Circular Polarizing Filter Review

What are Circular Polarizing Filters?

Circular Polarizing Filters are one of those items that a lot of photographers have in their bags, but just don’t understand why they keep them, what they do, or even how they got them.  For some folks, they look at the glass and assume that it’s like their polarized sunglasses, and they’re not that far off.  As Wikipedia states, Polarizing FIlters are often placed in front of the camera lens in photography in order to darken skies, manage reflections, or suppress glare from the surface of lakes or the sea.

With that “quick and dirty” explanation under our belt, we see ourselves reviewing the K&F Concept Circular Polarizing CPL Filter.  Before we get too far into it, it’s important to note that we were provided with a review copy of this filter, and paid no money to obtain it.  That being said, the review of this product is honest and written free of influence.

Why Use a Circular Polarizing Filter

K&F Concept Circular Polarizing Filter Review

The elevator pitch of this filter is that it’s an ultra slim frame, double sided, 20-layer coated, water repellent, anti-oil, anti-dust, anti-soil, scratch resistant piece of glass.  I’ve tapped it, and it seems to be exactly that.  Tough to really tell if it’s scratch resistant without attempting to scratch it, and since I like using this filter, we’ll just have to take K&F’s word for it.

I put this lens on my Canon 70-200L lens.  It had a good, snug fit to it, but like most slim-profiled filters, it definitely felt as though you’d have to line it up perfectly to get it onto the lens, and bending it in even the slightest way would end up with a filter stuck on your lens.  Once the filter was on, I didn’t plan to take it off much, so I wasn’t too worried about it.  It didn’t feel cheap, even though it is fairly inexpensive.

Polarizing filters do generally tend to have a niche use.  You’re probably not going to use them if you’re a newborn photographer.  You probably won’t use them for an entire wedding.  If you shoot seniors outside, though, or landscapes, may want to want to add one to your camera bag.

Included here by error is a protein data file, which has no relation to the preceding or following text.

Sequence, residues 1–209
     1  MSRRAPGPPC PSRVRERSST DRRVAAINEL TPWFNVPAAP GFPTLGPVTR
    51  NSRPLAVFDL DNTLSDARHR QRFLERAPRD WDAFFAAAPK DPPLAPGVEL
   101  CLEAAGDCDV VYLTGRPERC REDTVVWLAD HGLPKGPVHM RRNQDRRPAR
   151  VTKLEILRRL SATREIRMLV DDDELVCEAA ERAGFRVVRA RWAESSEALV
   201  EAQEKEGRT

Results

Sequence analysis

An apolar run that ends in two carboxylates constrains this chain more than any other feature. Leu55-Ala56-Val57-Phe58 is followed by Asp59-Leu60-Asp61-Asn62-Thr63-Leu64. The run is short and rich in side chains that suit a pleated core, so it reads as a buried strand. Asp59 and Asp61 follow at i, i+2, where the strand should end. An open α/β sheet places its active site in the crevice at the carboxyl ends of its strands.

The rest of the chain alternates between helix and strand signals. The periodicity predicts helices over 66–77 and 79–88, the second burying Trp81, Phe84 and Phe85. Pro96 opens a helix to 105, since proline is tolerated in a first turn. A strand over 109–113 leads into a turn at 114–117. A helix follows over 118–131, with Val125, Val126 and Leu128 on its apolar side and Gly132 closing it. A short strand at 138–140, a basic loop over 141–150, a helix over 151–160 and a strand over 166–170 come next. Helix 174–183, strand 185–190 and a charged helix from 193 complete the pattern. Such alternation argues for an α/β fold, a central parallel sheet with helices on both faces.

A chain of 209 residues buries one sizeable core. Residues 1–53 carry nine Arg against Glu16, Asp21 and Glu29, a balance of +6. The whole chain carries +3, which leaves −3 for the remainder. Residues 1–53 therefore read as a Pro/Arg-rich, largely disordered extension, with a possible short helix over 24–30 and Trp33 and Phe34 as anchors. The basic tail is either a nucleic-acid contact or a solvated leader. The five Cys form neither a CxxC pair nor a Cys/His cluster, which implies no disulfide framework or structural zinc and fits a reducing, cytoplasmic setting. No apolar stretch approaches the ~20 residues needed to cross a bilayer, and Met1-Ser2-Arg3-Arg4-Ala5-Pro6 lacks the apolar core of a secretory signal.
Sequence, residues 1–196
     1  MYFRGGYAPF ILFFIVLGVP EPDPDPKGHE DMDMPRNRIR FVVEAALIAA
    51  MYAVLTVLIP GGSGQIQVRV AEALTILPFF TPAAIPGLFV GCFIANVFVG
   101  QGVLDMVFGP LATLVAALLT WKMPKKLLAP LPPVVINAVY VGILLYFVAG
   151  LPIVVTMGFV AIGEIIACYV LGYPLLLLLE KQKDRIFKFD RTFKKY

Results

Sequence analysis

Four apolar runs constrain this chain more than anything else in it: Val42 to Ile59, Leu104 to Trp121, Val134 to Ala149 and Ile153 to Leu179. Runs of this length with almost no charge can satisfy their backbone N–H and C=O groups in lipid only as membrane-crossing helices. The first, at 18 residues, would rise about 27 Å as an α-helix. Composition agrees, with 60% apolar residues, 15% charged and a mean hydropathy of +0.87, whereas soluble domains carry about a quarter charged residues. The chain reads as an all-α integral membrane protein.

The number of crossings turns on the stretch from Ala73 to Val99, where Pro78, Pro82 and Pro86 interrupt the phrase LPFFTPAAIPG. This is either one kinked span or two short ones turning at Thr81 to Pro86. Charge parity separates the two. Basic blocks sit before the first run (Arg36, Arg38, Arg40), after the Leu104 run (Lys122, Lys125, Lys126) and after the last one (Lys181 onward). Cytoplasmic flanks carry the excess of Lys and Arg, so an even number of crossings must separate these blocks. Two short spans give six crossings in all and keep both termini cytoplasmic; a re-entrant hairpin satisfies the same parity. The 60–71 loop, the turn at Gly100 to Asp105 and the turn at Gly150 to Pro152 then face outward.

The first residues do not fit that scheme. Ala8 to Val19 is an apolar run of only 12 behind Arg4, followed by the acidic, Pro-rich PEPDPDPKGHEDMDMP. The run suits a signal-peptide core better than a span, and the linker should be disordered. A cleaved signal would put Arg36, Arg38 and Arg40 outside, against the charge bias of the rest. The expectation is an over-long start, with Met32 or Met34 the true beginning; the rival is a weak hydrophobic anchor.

This particular filter is one of the better filters I’ve ever used.  I was able to draw out some beautiful blue skies, and really get some warm, rich colors and sharpness, even on a cloudy day.

How to Use a Circular Polarizing Filter

The packaging leaves a little bit to be desired.  My case was broken at the hinges right out of the box, but I have a filter holder so it wasn’t a huge issue.  The box will be good enough to get it to you in the mail, but you’re probably not going to want to use it to store this filter, if you take it off of your lens.

So let’s cut to the point, because that’s probably why you’re reading this, right?

This is going to be a really good, affordable, mid-grade polarizing filter.  It’s not going to break the bank, but it’s also not going to break right away.  It will be a sound investment for anyone looking to step up their outdoor photography and is worth what you pay for it.  If you’ve got a little bit of extra money in the budget and looking for a new toy to play with, this will be a great one to add.


  • Good quality images
  • Enriches colors and makes your skies really pop
  • Budget-friendly


  • Packaging is a little rough
  • Slim profile means it’s easier to bend and, thus, can get stuck on your lens

K&F Concept Circular Polarizing CPL Filter